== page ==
The Lusitanian Church is a part of the One, Holy, Catholic and Apostolic Church, established by our Lord Jesus Christ, believes the Holy Scriptures of the Old and New Testament and declare that there men can find all the necessary to salvation.
This Church accepts the tradition of the Ancient Church as per the Catholic Creeds, detailed on the decisions of General Councils received everywhere and generally confessed on the Anglican Communion, and maintains as bases for interpretation, the unity on the most important, freedom on uncertain questions, charity on everything. The Lusitanian Church declares to be on the historical and doctrinal continuity of the first centuries churches, which existed in Lusitania, as well as on the other of Hispanic Peninsula, and desires to maintain, in harmony with the teaching of the Holy Bible, what in the Universal Church, everywhere, in all times and by all Christian men has been relieved; and consequently refuses to accept, in matters of Faith, what else cannot be judged as «vere proprieque catholicum».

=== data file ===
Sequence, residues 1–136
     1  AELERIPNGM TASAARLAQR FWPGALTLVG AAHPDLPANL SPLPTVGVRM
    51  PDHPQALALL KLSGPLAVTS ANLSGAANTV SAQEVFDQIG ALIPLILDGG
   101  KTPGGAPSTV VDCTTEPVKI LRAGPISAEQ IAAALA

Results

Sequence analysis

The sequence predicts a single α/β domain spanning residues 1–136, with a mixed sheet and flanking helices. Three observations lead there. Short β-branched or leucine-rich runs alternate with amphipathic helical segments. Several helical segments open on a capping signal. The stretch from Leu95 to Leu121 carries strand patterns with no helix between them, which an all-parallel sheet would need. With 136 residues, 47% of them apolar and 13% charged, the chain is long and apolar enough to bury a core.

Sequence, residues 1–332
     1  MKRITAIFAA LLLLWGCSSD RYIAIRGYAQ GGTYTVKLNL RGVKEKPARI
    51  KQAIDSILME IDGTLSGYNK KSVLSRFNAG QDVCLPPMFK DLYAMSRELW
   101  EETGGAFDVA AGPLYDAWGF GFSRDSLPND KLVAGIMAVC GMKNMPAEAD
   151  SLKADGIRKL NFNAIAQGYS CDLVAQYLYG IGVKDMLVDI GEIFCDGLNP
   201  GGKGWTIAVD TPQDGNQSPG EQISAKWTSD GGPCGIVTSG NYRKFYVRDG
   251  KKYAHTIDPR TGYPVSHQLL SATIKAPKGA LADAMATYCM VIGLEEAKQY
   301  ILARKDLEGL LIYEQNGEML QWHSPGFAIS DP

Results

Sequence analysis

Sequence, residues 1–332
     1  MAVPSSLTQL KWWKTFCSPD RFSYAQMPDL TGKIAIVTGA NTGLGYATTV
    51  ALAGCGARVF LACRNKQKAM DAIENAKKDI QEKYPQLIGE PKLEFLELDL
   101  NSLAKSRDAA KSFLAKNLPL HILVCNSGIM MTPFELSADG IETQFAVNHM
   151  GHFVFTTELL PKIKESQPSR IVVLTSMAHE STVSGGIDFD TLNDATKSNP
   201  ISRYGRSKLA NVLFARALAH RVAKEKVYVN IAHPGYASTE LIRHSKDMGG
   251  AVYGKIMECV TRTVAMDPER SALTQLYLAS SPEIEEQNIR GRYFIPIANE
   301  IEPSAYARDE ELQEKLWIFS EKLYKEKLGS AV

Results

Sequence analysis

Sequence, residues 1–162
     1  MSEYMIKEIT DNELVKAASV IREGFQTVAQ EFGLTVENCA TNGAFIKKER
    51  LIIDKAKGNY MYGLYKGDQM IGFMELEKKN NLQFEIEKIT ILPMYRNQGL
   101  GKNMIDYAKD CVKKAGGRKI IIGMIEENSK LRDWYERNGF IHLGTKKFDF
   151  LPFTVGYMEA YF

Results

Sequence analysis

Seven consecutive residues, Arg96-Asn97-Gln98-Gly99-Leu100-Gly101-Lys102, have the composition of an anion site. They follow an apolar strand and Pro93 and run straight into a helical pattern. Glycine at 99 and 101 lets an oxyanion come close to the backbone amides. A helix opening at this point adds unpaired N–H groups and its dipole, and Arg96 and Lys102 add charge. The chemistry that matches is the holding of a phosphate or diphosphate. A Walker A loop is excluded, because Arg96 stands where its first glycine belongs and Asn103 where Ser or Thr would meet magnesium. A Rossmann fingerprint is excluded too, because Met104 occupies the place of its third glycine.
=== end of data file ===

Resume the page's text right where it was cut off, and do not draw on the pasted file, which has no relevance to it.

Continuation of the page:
The main points of its doctrine are the following, so called the Lambeth Quadrilateral:
a) The Holy Scriptures of the Old and New Testament as the revealed Word of God;
b) The Nicene Creed as the sufficient statement of the Christian Faith;
c) The two Sacraments - Baptism and the Eucharist - ministered with the unfailing words and elements used by Christ;
d) The historic Episcopate.
The first congregations have used the Portuguese version of the English Common Prayer Book. In 1882 the Synod has approved a proper liturgy with the promulgation of a Communion Prayer Book on which it has tried to include the traditional uses which are not against the Holy Bible. The compilers of the Portuguese Book of Common Prayer, according to their own words, «strove to adjust their work to the uses of the Primitive Apostolic Church». And they felt under the obligation to take account the Braga Missal as the national source for the work. Although they did not keep entirely close to that purpose, their intention reflected the logical coherence between the Lex Orandi and the Lex credendi of their community. This purpose still remains as a leading rule for the interpretation and revision of the Liturgy of the Church.